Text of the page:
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More Masking: What Updated CDC Guidance Could Mean for Employers

More Masking: What Updated CDC Guidance Could Mean for Employers


The CDC released new guidance last week in an effort to curb the spread of the Delta variant of COVID-19. With cases on the rise, predominantly from the Delta variant, the CDC now recommends that both unvaccinated and vaccinated individuals wear a mask when indoors in public areas where there is “substantial or high transmission” in the community. A county has high transmission if it logs 100 or more weekly cases per 100,000 residents or a 10% or greater test positivity rate in the last seven days.

In response to CDC guidance, many states and counties are adding more restrictions after a general loosening of rules over the past couple months. In Chicago, Gov. J.B. Pritzker issued a mask mandate for schools and a vaccine requirement for some state workers. California recently issued guidance that vaccinated citizens are also encouraged to wear a mask while indoors, while unvaccinated citizens are required to do so. New York City has not mandated masks, but will be the first major U.S. city to require proof of COVID-19 vaccination at restaurants, gyms and other businesses. Additionally, President Biden announced that all federal workers will be required to attest to being vaccinated. Those who are not vaccinated will be required to submit to regular testing, along with masking and social distancing.

With a reversal of guidance regarding vaccinated individuals, there is widespread confusion. Adding to it, some states are resisting or even rejecting the CDC’s newest guidance. For example, last week, the governor of Florida issued Executive Order Number 21-175 “Ensuring Parents’ Freedom to Choose Masks in Schools,” which mandates that school districts in Florida cannot institute mask mandates in public schools. Addressing both masks and vaccines, the governor of Texas recently issued an executive order stating that “no governmental entity, including a county, city, school district and public health authority, and no governmental official, may require any person to wear a face covering or to mandate that another person wear a face covering,” except for hospitals and county and municipal jails. Additionally, while the order “strongly encourages” those eligible to receive the vaccine to do so, it also states that the “COVID-19 vaccine under an emergency use authorization is always voluntary in Texas and will never be mandated by the government.” The order also provides that any private entity that receives or will receive public funds may not require consumers to provide their vaccination status or deny them entry based on their status so long as the vaccine is under an emergency use authorization.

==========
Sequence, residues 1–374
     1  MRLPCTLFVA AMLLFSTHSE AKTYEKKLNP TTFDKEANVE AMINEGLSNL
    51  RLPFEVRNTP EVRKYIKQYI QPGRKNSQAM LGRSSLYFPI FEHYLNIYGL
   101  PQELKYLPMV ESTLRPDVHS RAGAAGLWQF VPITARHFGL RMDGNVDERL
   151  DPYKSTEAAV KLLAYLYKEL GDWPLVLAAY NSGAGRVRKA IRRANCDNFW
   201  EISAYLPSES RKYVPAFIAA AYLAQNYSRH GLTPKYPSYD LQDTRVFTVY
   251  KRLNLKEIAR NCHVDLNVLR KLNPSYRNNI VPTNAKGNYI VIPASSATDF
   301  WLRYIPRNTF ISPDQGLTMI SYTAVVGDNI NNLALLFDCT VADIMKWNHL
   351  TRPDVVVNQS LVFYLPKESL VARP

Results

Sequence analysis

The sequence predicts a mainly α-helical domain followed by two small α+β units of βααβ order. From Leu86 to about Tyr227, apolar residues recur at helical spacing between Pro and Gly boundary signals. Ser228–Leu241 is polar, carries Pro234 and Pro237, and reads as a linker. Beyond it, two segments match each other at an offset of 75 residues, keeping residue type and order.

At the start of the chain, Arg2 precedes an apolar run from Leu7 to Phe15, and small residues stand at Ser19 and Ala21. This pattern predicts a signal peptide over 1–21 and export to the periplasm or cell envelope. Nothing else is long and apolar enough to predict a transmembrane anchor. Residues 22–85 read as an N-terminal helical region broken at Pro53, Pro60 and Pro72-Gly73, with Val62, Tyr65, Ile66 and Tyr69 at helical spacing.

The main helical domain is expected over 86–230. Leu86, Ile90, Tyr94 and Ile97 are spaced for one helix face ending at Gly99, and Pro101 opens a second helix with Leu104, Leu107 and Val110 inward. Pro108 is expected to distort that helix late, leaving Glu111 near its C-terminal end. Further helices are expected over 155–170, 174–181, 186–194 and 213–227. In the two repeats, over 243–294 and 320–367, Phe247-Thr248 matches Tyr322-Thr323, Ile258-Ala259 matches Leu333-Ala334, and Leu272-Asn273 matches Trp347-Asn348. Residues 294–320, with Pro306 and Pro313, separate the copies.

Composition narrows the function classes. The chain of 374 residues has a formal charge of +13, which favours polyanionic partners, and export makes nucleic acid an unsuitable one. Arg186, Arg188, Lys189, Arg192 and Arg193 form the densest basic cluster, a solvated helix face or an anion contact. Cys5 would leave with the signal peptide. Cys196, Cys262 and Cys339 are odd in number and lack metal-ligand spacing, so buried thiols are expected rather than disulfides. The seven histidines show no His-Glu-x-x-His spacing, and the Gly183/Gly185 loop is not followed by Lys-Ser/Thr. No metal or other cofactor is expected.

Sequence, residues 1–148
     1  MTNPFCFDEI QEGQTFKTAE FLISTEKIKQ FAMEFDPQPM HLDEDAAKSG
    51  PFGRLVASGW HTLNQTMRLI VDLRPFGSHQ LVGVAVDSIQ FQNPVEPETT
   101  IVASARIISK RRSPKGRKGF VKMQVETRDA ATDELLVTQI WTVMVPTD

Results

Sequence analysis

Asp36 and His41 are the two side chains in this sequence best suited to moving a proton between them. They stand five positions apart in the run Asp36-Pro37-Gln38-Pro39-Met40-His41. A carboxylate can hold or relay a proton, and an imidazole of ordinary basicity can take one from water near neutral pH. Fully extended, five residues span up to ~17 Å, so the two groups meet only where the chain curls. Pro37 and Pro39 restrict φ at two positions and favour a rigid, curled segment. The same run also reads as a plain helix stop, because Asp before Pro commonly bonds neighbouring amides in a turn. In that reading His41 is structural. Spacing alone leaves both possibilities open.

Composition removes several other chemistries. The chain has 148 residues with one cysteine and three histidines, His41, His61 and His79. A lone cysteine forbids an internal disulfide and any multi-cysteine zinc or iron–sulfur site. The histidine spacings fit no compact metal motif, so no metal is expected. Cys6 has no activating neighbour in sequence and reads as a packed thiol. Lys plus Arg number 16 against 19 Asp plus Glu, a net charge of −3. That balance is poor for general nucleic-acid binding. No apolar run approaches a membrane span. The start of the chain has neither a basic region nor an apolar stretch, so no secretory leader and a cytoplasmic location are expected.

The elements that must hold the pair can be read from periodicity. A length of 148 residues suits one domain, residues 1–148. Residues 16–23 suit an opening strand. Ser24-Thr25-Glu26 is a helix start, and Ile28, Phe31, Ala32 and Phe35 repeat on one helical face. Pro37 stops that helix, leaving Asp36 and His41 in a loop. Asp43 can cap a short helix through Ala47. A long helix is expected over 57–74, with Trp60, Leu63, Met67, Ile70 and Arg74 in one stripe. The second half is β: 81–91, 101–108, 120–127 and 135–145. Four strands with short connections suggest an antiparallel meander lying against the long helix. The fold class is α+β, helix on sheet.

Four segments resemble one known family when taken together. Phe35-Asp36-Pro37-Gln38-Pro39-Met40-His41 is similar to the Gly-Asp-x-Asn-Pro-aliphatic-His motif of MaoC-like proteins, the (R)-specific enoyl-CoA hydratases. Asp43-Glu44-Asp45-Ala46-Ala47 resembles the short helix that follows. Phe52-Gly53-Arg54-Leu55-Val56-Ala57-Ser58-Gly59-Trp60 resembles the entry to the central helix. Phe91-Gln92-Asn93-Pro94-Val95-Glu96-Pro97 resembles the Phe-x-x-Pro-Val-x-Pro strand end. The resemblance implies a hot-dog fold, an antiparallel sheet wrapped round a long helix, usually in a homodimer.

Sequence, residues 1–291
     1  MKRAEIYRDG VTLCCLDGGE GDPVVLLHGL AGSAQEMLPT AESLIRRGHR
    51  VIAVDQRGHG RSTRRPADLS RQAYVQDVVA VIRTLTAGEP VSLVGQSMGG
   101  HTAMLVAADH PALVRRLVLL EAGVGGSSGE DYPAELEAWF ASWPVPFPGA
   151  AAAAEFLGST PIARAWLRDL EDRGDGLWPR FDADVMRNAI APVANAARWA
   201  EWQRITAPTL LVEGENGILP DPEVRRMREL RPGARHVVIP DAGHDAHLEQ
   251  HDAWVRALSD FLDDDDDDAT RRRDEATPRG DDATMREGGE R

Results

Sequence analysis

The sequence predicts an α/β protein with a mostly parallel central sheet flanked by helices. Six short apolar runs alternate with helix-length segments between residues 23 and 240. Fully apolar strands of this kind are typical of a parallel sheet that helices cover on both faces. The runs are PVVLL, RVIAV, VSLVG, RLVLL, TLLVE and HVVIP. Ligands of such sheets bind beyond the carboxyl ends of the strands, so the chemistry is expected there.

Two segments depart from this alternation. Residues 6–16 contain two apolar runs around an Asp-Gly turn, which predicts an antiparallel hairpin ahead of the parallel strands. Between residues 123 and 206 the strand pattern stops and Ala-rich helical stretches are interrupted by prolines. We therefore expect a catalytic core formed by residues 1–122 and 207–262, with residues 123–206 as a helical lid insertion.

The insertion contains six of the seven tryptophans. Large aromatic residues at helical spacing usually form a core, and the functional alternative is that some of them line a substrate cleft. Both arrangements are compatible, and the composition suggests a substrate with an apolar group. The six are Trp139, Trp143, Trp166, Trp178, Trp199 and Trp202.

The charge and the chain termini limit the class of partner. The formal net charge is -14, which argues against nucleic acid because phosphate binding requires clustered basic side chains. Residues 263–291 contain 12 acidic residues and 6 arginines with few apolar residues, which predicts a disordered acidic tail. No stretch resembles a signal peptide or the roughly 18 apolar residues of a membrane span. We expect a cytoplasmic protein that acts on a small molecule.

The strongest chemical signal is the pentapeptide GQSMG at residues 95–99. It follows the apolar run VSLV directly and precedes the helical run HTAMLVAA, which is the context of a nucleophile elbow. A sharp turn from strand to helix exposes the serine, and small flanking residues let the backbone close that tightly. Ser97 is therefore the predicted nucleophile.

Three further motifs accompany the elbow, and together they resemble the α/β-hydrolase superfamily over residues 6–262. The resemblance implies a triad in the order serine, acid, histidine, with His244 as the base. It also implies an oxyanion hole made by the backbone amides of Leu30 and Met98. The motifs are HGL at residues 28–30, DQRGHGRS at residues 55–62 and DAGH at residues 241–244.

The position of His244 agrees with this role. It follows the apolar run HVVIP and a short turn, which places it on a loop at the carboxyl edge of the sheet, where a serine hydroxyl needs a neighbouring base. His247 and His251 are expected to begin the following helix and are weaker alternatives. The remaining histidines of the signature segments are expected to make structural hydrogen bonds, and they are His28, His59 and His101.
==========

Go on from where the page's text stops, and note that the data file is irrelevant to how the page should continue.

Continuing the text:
Implications for Employers

The shift in CDC guidance comes at a difficult moment for many employers eager to return to the workplace after nearly a year and a half of working remotely. Although the CDC’s guidelines are not law, the EEOC and OSHA have consistently deferred to and referenced them, giving employers good reason to follow CDC recommendations. In the face of an unprecedented pandemic, following CDC guidance is a best practice for employers looking to maintain a safe workplace while not running afoul of statutes such as the ADA and Title VII. Notably, the executive orders in Texas and Florida do not prevent private employers from encouraging or requiring their employees to be vaccinated.

Private employers who have lifted mask mandates for their workplaces should revisit COVID-19 safety guidelines in light of these new guidelines. Even absent state and local regulations on masking, mask mandates could become more widely adopted by businesses, solely based on their interest in decreasing liability for employee injury or death. While OSHA has not updated its “Guidance on Mitigating and Preventing the Spread of COVID-19 in the Workplace” since the CDC changed its guidance last week, OSHA’s General Duty Clause does require employers to provide workers with a safe and healthful workplace free from recognized hazards that are causing or likely to cause death or serious physical harm.  As a result, it is not a stretch to think that a COVID-19 outbreak in the workplace that did not follow CDC protocol could give rise to a claim for an OSHA violation.

For more information about mask mandates or COVID-19 CDC guidance, contact a member of Gould & Ratner’s Human Resources and Employment Law Practice.

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